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## Analyzing Your Calibration dataYou will use the data from your Langley test to find what's called the extraterrestrial constant, the signal the TERC VHS-1 would give at the top of the atmosphere (4). In other words, if you took the TERC VHS-1 along on a trip into Earth orbit in the Space Shuttle, the signal you would measure using the TERC VHS-1 during a space walk should be very close to what you measure on the ground using the Langley method. There are several ways to analyze your data to find the extraterrestrial or ET constant, all of which should yield the same result. After you find your instrument's ET constant, you will insert it in a formula that will give you a standardized measurement of haze known as aerosol optical thickness (AOT). When you made your Langley measurements for a range of Sun angles, each time the angle changed the thickness of the atmosphere (the air mass) between you and the Sun changed (see Fig. 6.). When the Sun is straight overhead, its light passes through one thickness of atmosphere or one air mass. The air mass (m) increases as the Sun moves closer to the horizon. The m for each of your measurements is 1 divided by the sine of the Sun's angle (<) above the horizon or m = 1/sun<. If you make a graph of the natural logarithm (ln) of the signal you measured versus m when you made the measurement, the data points should fall along a straight line out to an m of 10 or so, assuming the sky conditions were stable during your measurement period. If you extend the straight line, the ET constant will be where the line crosses the air mass axis at m = 0. When m = 0, there is no air mass, which means this is the signal the TERC VHS-1 will give if you could take it to the top of the atmosphere. Several methods are available for extracting the ET constant from your Langley test data. They should all give similar or nearly identical results. All three methods perform what is called a linear regression on your data. Briefly, a linear regression fits the equation for a straight line, in this case, ln of signal = a + (b x air mass), to your data. You then use this equation to find the signal for m = 0. The first two methods require that you determine the air mass for each measurement. The TERC VHS-1 spreadsheet does this automatically, and can be downloaded from: ftp://ftp.concord.org/pub/haze/vhs1-download/ The methods given in the Appendix require that you use a calculator to convert the Sun angles to the respective air masses. The air mass is the reciprocal of the Sun's angle above the horizon, so enter the angle and press the SIN key. Then press the 1/x key to get the air mass. ## A. Graph Paper Method- Make a table of the TERC VHS-1 measurements for a range of air masses up to about 10. The first column should be the air mass (m) for each measurement and the second column the Sun signal - the dark signal.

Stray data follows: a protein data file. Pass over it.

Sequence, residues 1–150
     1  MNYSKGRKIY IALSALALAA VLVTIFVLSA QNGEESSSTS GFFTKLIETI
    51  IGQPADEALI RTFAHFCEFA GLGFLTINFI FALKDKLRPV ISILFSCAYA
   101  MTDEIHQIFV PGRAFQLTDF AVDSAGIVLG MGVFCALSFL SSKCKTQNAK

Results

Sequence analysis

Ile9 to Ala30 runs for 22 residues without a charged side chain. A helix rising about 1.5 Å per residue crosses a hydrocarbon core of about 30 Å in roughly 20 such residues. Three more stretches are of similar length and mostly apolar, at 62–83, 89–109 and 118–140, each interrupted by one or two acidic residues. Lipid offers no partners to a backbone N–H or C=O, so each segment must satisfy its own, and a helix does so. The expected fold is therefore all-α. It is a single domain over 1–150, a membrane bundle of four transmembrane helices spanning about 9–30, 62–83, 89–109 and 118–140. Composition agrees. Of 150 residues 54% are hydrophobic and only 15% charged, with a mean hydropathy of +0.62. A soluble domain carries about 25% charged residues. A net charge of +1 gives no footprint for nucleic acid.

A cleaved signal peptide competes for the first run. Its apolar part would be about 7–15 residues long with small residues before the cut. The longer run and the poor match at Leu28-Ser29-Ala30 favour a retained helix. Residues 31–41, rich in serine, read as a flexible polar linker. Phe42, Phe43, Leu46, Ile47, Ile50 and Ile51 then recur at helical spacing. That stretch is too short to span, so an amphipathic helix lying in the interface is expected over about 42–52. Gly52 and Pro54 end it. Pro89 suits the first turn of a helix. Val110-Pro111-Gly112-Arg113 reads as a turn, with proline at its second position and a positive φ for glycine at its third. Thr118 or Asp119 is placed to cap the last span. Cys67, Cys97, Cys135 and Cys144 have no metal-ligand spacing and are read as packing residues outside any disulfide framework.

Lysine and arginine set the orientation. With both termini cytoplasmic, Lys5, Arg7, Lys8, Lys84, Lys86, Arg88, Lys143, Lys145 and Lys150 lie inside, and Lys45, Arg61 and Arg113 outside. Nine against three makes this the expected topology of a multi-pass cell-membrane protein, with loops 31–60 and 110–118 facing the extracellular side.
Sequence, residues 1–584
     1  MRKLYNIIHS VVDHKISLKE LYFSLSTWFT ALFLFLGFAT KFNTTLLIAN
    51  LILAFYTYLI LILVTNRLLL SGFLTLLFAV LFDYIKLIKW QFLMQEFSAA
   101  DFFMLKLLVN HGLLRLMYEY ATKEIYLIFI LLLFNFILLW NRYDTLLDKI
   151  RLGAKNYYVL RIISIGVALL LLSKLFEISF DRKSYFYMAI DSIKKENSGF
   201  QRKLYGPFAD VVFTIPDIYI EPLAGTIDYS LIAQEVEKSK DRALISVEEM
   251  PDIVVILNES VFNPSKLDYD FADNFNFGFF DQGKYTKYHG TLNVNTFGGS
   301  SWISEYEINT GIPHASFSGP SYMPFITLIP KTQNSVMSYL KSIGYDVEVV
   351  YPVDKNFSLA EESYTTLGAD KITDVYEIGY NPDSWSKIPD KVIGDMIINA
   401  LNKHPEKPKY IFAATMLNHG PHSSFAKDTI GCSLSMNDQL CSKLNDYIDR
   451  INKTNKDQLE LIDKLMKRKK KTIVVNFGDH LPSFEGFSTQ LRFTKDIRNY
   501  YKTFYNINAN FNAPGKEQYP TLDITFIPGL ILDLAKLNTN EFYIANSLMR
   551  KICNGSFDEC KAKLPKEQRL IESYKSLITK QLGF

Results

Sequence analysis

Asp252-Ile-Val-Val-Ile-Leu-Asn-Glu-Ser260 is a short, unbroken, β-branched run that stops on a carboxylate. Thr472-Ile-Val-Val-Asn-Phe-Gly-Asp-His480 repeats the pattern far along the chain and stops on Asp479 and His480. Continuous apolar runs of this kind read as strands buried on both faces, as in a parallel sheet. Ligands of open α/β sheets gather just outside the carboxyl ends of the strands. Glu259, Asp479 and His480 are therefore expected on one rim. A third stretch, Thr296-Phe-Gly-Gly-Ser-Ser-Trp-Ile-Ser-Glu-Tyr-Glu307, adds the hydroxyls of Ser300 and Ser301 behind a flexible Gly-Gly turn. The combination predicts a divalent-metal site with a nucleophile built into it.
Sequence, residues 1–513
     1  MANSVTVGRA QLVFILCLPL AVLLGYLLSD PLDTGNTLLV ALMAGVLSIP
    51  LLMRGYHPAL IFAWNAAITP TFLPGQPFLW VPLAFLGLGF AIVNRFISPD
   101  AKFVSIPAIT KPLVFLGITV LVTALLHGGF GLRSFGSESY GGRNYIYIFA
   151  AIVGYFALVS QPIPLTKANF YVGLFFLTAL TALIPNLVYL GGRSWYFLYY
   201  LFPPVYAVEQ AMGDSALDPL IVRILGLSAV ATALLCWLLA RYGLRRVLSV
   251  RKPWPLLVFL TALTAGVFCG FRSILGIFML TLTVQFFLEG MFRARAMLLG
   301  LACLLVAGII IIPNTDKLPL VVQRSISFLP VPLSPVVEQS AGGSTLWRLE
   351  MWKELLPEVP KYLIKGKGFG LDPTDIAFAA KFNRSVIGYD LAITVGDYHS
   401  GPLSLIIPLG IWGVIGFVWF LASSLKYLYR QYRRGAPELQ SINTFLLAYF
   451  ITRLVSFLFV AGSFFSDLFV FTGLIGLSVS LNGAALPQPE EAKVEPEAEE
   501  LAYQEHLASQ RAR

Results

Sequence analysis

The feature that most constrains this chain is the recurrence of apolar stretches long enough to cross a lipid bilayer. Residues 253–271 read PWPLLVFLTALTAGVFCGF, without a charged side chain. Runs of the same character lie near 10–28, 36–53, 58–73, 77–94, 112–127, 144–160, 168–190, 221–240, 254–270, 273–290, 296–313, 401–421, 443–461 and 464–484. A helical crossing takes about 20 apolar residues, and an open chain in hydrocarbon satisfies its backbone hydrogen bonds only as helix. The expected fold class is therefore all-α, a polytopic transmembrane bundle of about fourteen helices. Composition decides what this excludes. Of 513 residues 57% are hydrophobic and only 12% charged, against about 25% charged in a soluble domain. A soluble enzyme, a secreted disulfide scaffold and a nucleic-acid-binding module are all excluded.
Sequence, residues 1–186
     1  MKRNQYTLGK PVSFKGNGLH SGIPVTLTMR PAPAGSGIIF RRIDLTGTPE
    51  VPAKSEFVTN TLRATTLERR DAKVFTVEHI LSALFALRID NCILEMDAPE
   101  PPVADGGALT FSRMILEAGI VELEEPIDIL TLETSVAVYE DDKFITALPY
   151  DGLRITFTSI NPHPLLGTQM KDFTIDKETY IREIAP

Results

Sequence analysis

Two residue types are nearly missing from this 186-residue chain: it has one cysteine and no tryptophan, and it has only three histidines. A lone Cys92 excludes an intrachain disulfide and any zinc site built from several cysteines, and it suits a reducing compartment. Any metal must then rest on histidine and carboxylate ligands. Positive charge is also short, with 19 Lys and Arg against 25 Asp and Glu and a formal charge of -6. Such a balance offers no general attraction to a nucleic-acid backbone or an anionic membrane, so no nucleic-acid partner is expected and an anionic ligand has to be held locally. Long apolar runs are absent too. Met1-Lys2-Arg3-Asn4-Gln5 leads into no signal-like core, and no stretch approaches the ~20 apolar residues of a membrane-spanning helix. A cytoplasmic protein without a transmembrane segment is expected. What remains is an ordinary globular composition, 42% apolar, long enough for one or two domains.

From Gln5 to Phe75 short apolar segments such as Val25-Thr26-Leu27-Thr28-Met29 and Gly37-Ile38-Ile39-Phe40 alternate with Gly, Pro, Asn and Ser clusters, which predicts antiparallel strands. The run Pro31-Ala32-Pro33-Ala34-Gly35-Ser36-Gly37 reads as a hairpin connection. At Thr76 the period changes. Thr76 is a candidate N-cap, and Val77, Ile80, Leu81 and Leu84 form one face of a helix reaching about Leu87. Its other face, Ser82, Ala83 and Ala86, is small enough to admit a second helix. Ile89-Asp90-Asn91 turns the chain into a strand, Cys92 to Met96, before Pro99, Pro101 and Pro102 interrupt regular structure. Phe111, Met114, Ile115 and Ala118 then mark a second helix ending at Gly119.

- Add a third column to your table for the natural logarithm (ln) of the signal. (Use a scientific calculator with a ln key.)